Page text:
Yesterday, for some reason, I was thinking about when I read the comic book Tintin au Tibet to practise my French. My mind then wandered to the fact that Tintin’s dog’s name is Milou in the original French (Snowy in English). I clearly had nothing better to be doing, because I then dwelled upon the fact that superficially, Milou has no obvious meaning*, unlike Snowy. Just, I thought, like English-language dogs’ names like Fido.
But then I thought: maybe Fido does mean something… Continue reading
I discovered an interesting bit of etymology recently. I was reading SPQR: A History of Ancient Rome by Mary Beard. In a chapter about work and business, she mentioned a Latin word – otium. Continue reading
John Doe, caucasian, approximately 45 years old, evidence of blunt-force trauma to the base of the skull…
Pretty familiar if you’ve been exposed to the barest minimum of American crime fiction: “John” and “Jane Doe” used to refer to an unidentified victim or suspect in a criminal case. But why these names in particular? Continue reading
It’s hard to avoid Brexit at the moment. I don’t intend to add to the commentary that’s already out there. Suffice it to say it’s a colossal mistake.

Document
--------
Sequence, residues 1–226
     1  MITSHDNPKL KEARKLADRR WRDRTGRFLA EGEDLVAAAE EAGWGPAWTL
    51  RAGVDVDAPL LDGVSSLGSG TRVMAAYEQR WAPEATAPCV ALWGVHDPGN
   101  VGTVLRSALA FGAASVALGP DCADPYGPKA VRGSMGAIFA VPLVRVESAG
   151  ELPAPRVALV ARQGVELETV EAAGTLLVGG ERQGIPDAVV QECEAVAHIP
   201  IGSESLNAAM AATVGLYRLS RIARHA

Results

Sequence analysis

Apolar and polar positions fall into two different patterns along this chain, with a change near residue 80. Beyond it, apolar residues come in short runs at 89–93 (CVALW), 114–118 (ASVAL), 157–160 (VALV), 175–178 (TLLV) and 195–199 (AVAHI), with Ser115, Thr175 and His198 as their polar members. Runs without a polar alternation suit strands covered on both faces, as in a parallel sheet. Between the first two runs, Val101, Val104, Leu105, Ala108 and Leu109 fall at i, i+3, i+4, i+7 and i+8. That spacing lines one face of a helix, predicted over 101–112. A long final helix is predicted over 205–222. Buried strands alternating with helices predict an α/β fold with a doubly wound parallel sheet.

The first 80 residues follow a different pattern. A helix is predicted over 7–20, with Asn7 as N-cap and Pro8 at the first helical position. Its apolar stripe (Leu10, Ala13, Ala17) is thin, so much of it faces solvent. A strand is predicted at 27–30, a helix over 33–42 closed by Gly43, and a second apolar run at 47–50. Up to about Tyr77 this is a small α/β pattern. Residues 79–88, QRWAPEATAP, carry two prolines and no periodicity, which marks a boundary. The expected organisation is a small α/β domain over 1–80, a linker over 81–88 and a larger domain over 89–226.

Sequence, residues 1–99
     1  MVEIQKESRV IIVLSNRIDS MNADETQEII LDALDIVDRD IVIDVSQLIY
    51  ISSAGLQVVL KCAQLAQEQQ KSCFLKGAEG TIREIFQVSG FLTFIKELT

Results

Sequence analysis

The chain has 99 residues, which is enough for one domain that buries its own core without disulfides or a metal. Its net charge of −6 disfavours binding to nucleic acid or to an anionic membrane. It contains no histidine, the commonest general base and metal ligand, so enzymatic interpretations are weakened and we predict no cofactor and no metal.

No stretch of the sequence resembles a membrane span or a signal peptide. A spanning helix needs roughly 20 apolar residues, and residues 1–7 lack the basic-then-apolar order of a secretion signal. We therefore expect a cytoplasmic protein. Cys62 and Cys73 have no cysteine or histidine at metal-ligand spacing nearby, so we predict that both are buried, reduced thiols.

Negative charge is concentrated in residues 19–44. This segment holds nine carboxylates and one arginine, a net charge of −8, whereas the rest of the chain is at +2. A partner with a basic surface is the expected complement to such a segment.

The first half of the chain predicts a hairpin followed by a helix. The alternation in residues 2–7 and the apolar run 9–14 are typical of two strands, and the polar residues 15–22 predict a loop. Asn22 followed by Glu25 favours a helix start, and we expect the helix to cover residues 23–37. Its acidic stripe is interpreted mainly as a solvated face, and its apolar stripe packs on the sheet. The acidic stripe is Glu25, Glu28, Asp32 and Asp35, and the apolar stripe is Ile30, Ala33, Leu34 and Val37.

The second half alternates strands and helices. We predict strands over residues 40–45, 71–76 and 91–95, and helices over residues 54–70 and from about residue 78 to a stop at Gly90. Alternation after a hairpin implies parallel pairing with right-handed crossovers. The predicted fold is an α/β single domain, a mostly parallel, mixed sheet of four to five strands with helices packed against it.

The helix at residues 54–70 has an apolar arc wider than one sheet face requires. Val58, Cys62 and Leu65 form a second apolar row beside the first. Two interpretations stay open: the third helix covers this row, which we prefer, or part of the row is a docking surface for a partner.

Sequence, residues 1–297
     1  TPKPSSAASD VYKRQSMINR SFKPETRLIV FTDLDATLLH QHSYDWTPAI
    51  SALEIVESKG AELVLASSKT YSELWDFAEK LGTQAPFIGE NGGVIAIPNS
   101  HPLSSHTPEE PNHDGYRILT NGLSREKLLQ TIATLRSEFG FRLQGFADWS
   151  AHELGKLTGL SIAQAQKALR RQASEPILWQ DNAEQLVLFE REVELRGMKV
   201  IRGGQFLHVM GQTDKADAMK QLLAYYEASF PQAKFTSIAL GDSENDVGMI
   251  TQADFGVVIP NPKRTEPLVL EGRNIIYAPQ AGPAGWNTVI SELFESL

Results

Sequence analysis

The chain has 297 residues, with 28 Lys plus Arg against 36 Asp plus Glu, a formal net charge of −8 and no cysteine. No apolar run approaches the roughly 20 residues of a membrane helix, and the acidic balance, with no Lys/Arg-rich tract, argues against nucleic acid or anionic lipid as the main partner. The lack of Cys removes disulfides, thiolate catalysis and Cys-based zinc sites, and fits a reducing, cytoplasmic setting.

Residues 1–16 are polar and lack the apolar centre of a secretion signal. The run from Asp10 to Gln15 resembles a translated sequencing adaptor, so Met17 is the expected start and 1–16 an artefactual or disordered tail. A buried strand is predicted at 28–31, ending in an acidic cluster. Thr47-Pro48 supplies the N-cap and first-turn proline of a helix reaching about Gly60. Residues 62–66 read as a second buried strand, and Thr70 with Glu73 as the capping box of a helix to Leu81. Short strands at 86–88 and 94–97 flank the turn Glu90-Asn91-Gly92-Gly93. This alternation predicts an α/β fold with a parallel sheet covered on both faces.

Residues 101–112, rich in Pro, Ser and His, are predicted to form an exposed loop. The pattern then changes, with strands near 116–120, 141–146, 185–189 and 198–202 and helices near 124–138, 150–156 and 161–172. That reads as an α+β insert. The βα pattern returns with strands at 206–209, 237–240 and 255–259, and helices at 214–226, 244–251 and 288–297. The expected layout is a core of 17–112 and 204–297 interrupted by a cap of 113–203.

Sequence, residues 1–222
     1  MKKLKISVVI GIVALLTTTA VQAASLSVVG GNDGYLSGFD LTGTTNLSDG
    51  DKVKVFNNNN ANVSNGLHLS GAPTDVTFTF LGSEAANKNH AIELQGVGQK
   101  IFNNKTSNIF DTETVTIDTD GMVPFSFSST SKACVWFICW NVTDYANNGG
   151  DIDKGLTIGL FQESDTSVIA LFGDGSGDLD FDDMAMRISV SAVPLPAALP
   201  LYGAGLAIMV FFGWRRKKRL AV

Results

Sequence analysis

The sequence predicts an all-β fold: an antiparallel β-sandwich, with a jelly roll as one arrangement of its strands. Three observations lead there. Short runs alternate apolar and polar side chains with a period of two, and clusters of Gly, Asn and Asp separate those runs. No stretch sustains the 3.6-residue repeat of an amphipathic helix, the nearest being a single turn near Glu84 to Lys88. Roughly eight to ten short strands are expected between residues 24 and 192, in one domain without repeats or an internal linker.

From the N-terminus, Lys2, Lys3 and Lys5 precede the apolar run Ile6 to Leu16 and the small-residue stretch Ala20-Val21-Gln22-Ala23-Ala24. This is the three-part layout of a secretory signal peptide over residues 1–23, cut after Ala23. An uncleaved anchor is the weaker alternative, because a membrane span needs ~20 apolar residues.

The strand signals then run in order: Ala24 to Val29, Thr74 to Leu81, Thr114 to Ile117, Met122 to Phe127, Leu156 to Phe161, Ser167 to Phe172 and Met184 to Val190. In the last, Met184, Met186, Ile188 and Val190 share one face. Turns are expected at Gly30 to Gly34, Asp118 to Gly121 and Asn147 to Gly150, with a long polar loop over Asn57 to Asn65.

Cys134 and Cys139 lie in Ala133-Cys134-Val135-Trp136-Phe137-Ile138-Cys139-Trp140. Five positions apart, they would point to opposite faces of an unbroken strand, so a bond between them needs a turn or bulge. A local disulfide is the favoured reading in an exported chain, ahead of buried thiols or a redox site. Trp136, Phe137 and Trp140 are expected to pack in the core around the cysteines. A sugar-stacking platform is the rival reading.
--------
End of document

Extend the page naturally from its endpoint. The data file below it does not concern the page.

Anyway, I was listening to the news on the radio this morning, and the expression no-deal Brexit was mentioned (probably already for the fifth time today). As any innocuous word or phrase tends to do, this got me thinking. Continue reading
If you’re reading this shortly after publication, then I don’t need to tell you about the horrific tragedy of the fires deliberately set in the Amazon Rainforest.
Focusing just on the name Amazon, I’ve often briefly wondered why the name was shared by the South American river and rainforest, as well the Ancient Greek all-female warrior tribe. Continue reading
Today, Donald Trump called actress Meghan Markle nasty (for justifiably calling him misogynistic), just days before he’s due to meet her husband and in-laws. Which is why I found it strange when I came across a tweet from “Official Trump War Room” (which has a blue tick) denying that he called her nasty.
Even stranger was that they used a recording of him calling her nasty to prove that he didn’t. Continue reading
-Going anywhere nice this year? Going abroad?
I haven’t had a haircut in a while, so I haven’t had the pleasure of such charming conversation recently. But I recently thought about the word abroad while reading. You see, it was being in the more old-fashioned way, as in: Continue reading